Sep 8, 1997 - 15:50 -
I have a question:
Thanks for your question, Jonathan.
The upshirin is a boy's first haircut, at age three. It coincides with the beginning of Torah study, the end of infancy. It is a life-cycle event often celebrated in the synagogue. It is most prevelant among Sephardim and Chassidim. Not cutting the hair before then is a custom rather than a law.
Friends and family all take a snip of hair to participate (then a real barber cleans up the result later). The little Samson suddenly stops looking like a baby and starts looking like a boy. The child is introduced to the letter aleph, touches it and then dips that finger in honey and tastes. The Torah is sweet. Then there's a big seudah (festive meal).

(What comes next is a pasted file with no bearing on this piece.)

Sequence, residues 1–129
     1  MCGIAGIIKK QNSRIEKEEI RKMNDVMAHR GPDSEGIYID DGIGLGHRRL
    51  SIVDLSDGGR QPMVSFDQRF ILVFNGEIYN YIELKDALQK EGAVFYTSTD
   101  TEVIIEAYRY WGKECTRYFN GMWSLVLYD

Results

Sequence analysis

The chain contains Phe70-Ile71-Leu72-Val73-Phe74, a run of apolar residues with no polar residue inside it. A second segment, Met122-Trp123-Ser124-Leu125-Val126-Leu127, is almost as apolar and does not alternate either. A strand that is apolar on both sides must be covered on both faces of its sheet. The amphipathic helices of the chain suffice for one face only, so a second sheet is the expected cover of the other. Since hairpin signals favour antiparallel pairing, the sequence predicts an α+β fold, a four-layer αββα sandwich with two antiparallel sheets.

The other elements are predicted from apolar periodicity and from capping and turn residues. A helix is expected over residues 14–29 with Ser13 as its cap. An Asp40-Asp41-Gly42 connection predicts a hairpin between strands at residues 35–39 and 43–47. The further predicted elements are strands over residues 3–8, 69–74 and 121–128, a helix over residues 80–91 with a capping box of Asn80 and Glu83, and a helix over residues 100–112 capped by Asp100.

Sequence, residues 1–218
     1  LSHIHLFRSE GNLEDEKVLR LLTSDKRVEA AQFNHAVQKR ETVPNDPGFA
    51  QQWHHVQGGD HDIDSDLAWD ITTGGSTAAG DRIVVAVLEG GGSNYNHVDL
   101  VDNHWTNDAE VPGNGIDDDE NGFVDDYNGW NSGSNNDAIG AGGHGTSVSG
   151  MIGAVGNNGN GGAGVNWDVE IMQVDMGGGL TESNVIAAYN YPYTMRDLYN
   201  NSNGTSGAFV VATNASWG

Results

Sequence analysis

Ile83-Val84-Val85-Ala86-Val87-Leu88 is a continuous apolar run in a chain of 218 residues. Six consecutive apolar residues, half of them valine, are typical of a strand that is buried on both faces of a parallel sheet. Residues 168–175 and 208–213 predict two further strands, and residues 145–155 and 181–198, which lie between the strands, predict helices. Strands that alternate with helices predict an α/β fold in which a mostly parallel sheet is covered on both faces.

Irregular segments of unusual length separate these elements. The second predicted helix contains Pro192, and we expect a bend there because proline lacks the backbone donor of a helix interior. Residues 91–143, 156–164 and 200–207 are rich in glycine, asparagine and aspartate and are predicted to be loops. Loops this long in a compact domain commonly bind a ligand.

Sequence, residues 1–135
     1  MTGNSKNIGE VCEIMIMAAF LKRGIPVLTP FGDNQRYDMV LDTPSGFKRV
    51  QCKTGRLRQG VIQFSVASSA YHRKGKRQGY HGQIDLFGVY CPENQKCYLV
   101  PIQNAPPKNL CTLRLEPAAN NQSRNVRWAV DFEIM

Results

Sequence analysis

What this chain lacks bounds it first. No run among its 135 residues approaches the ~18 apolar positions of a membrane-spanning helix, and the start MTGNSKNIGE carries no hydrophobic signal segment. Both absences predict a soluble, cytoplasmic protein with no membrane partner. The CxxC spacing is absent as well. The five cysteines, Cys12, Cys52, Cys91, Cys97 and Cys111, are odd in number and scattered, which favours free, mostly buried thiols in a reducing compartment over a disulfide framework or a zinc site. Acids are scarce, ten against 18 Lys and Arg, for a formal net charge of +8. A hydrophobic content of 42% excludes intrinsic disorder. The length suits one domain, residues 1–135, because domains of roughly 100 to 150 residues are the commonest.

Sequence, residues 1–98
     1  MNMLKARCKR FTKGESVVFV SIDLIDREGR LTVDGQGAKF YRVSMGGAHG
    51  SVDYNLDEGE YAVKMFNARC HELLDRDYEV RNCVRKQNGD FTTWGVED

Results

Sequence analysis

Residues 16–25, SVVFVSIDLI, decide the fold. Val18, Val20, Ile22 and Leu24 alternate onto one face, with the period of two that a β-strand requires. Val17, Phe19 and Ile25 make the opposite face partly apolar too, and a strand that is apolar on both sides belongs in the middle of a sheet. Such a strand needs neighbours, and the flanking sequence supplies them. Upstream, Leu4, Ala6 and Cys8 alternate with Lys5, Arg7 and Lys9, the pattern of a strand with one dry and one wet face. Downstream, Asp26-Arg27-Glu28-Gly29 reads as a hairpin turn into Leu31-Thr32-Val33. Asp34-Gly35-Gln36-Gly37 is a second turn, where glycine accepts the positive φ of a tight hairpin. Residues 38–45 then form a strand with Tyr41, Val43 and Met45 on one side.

Some wait until Lag B'Omer of the fourth year to go to Meron to cut and burn the hair at the Tomb of Rabbi Shimon Bar Yochai. (Lag B'Omer is the day when the prohibition of haircutting during the sefirah is lifted. It's also the yahrzeit of Shimon Bar Yochai.) )
The significance of the event stems from mystical considerations, based on parallels to Leviticus 19:24.
This information has been taken, with adaptation, from an excellent book: "The Biblical and Historical Background of Jewish Customs and Ceremonies" by Abraham Bloch.